National Youth Palace of Georgia
Discover the National Youth Palace of Georgia, a cultural and educational hub located on the bustling Rustaveli Avenue in the heart of Tbilisi. Today, this dynamic palace serves as a center for youth activities and classes, engaging over 4000 pupils and students.
With a rich two-century history, the palace's origins trace back to the early 19th century when it was the residence of Pavel Tsitsianov, a renowned General in the Russian Imperial Army. Over the years, the building underwent several transformations until it was reconstructed and expanded by the German architect Otto Simonsson in 1865-1869. Simonnson's modifications included removing pillars and sculptures, enlarging the palace, and altering both its interior and façade.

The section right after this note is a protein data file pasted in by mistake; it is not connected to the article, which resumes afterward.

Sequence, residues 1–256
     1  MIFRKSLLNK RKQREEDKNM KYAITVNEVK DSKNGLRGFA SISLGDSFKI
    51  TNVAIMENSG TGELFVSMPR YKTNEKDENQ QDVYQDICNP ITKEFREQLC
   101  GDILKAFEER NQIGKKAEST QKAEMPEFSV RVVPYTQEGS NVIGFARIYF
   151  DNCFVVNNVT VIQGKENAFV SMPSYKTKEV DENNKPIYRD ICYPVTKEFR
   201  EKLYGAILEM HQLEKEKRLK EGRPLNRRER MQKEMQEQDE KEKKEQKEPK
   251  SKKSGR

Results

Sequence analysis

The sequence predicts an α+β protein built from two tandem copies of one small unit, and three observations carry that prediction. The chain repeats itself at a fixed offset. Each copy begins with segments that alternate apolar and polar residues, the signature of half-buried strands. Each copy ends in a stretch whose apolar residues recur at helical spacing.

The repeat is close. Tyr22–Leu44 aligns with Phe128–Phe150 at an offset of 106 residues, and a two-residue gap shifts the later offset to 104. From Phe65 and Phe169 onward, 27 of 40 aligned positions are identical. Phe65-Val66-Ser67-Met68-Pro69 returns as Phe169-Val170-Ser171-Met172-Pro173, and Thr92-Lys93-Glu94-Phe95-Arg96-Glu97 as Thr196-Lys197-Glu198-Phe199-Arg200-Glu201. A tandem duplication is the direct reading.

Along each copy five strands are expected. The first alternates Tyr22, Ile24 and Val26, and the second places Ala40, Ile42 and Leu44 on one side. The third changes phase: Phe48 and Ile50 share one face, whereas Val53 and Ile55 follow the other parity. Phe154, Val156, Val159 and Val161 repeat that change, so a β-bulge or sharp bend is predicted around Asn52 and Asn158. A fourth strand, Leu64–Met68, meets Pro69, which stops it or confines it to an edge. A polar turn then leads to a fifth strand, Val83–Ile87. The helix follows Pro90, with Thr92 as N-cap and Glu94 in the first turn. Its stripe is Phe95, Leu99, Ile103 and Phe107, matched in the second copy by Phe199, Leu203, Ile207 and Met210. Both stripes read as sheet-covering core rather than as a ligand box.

The palace played a significant role in Georgia's political history, serving as the venue for the Constituent Assembly and the government of the Democratic Republic of Georgia from 1917-1937. In subsequent years, it became the House of the Pioneers and Children until officially designated as the National Youth Palace in 2012.
Today, the palace stands as a monument of cultural heritage in Tbilisi, with a museum established in 2017 in collaboration with the National Museum of Georgia. Explore the museum's 10 exhibition spaces, showcasing artifacts such as belongings of the Viceroy of the Russian Empire to Georgia, awards and gifts received by the palace, paintings, sketches, sculptures by graduates, and a fascinating mineral collection. Experience the diverse history and cultural significance embedded in the National Youth Palace of Georgia.
Working hours of the museum: 11:00-17:00 (every day except Mondays)
Address: #6 Rustaveli Avenue, Tbilisi
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